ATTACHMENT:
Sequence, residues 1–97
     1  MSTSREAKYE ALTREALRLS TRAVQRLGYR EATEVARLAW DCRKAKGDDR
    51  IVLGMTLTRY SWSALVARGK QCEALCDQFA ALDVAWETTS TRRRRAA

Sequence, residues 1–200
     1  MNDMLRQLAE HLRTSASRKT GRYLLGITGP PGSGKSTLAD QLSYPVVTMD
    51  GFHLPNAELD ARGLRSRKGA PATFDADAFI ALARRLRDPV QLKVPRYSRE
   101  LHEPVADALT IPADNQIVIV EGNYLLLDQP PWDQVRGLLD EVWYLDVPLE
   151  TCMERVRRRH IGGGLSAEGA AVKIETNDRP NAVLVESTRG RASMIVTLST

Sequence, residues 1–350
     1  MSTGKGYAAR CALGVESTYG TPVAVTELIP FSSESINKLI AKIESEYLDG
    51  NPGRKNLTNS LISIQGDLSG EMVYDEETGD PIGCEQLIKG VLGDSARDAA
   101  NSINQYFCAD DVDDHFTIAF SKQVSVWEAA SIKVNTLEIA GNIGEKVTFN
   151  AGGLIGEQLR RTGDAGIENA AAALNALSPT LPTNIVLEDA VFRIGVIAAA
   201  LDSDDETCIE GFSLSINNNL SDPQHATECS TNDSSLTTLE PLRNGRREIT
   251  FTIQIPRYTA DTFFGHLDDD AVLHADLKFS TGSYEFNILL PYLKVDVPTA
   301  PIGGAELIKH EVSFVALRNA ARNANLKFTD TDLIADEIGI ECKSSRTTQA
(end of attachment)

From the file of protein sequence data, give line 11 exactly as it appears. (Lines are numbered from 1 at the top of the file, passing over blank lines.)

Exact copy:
    51  NPGRKNLTNS LISIQGDLSG EMVYDEETGD PIGCEQLIKG VLGDSARDAA